First of all, here is some geological history of the land we visited, before I share our trip, so that we know how ancient were these beautiful and majestic mountains….
Musandam is the smallest and most northerly region of Oman, covering an area of around 3,000 square km. Its rocky headland juts out into the Strait of Hormuz, giving it strategic dominion over one of the busiest shipping lanes in the world.The magnificent Hajar mountain range dominates the landscape of Musandam.
Most oceans have a ridge of volcanic mountains running along the centre. Due to volcanic activity, such a ridge in the middle of the ocean can split, forming a new part of the lithosphere, the so-called oceanic crust. The two sides drift apart, a process called seafloor spreading. http://www.alshindagah.com/shindagah75/a_peak_into_the_past.htm
Difficult words: The lithosphere (Greek: λίθος [lithos] for “rocky”, and σφαῖρα [sphaira] for “sphere”) is the rigid outermost shell of a rocky planet. On Earth, it comprises the crust and the portion of the upper mantle that behaves elastically on time scales of thousands of years or greater.http://en.wikipedia.org/wiki/Lithosphere
In the late Cretaceous, there was movement originating from volcanic action in the part of the Tethys sea that still remained to the east of the Arabian landmass. This caused dark, dense crustal magma extruded by the submarine volcanoes to be pushed up over the edge of the Arabian landmass, together with rocks from the layer below, giving rise to a tremendously thick sequence of so-called ophiolite rocks, which are the main type of rock in the Hajar mountains. Ophiolites are typical of such spreading centres and provide the geologist with relatively rare access to rocks that are amongst the most representative of the deepest parts of the Earth’s crust. In fact, the Hajar Mountain range holds the most extensive area of ophiolites in the world and is one of the few places on earth where these oceanic crust rocks can be studied on land. http://www.alshindagah.com/shindagah75/a_peak_into_the_past.htm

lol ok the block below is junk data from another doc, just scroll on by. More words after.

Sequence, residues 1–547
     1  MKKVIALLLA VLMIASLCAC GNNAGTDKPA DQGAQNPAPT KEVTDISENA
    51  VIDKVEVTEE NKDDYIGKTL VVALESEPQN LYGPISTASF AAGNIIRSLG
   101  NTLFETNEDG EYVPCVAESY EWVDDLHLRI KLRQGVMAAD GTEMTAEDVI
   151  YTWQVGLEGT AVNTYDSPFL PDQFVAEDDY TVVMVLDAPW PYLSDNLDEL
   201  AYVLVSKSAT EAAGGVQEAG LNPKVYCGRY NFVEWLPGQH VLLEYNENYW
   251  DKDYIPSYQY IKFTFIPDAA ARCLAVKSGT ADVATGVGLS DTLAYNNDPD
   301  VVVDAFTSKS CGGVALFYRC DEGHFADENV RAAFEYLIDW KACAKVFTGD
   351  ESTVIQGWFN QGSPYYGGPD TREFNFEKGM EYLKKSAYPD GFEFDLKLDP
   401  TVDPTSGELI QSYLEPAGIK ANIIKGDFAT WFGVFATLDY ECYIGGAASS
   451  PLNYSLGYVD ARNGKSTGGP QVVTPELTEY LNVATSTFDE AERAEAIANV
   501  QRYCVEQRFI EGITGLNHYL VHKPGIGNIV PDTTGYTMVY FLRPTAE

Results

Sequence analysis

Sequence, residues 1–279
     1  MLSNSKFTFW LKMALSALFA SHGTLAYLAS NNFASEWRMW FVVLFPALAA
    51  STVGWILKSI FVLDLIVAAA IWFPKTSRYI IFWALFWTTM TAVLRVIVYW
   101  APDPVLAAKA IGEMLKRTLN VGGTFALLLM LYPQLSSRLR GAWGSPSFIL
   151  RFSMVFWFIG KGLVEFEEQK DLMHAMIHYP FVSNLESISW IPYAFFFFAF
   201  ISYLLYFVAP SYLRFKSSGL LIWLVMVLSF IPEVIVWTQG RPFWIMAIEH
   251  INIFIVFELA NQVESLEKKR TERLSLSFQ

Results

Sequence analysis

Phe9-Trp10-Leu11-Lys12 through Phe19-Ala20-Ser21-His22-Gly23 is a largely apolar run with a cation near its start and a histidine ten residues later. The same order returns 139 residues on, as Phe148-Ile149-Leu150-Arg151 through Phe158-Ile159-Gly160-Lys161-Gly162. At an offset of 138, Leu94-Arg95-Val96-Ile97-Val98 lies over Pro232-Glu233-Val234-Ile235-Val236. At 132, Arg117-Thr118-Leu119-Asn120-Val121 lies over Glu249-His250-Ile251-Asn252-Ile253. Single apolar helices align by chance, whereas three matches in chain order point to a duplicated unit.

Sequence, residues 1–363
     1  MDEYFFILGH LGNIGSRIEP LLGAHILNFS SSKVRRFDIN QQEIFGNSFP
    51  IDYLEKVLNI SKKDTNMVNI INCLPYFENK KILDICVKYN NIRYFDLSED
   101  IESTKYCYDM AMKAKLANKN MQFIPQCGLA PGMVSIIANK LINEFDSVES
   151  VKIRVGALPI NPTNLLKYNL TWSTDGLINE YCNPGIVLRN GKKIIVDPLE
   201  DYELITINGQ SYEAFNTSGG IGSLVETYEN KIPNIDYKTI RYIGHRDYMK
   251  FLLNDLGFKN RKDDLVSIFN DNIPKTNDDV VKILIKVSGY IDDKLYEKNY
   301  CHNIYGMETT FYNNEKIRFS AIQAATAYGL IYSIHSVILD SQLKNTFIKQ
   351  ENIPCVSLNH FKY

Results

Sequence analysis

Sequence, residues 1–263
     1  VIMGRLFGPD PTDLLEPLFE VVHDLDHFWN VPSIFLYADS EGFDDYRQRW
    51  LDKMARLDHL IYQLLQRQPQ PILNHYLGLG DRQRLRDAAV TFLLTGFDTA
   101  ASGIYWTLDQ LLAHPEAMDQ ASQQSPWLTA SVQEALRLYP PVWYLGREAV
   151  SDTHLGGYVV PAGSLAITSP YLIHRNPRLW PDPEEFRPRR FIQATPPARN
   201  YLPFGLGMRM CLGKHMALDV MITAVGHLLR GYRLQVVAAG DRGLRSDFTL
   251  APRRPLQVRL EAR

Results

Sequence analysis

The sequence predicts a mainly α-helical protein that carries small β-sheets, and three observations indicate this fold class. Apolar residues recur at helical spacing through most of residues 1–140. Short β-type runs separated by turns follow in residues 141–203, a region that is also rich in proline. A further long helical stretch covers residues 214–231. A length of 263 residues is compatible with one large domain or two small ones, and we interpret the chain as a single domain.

Difficult words: The Cretaceous (pron.:/krɨˈteɪʃəs/, krə-TAY-shəs), derived from the Latin “creta” (chalk), usually abbreviated K for its German translation Kreide (chalk), is a geologic period and system from circa 145 ± 4 to 66 million years (Ma) ago. In the geologic timescale, the Cretaceous follows the Jurassic period.The Cretaceous was a period with a relatively warm climate, resulting in high eustatic sea levels and creating numerous shallow inland seas. These oceans and seas were populated with now extinctmarine reptiles, ammonites and rudists, while dinosaurs continued to dominate on land. At the same time, new groups of mammals and birds, as well as flowering plants, appeared. The Cretaceous ended with a large mass extinction, the Cretaceous–Paleogene extinction event, in which many groups, including non-avian dinosaurs, pterosaurs, and large marine reptiles, died out.http://en.wikipedia.org/wiki/Cretaceous
Tethys Sea, former tropical body of salt water that separated the supercontinent of Laurasia in the north from Gondwana in the south during much of the Mesozoic Era (251 to 65.5 million years ago). Laurasia consisted of what are now North America and the portion of Eurasia north of the Alpine-Himalayan mountain ranges, while Gondwana consisted of present-day South America, Africa, peninsular India, Australia, Antarctica, and those Eurasian regions south of the Alpine-Himalayan chain. These mountains were created by continental collisions that eventually eliminated the sea. Tethys was named in 1893, by the Austrian geologist Eduard Suess, after the sister and consort of Oceanus, the ancient Greek god of the ocean.http://www.britannica.com/EBchecked/topic/588887/Tethys-Sea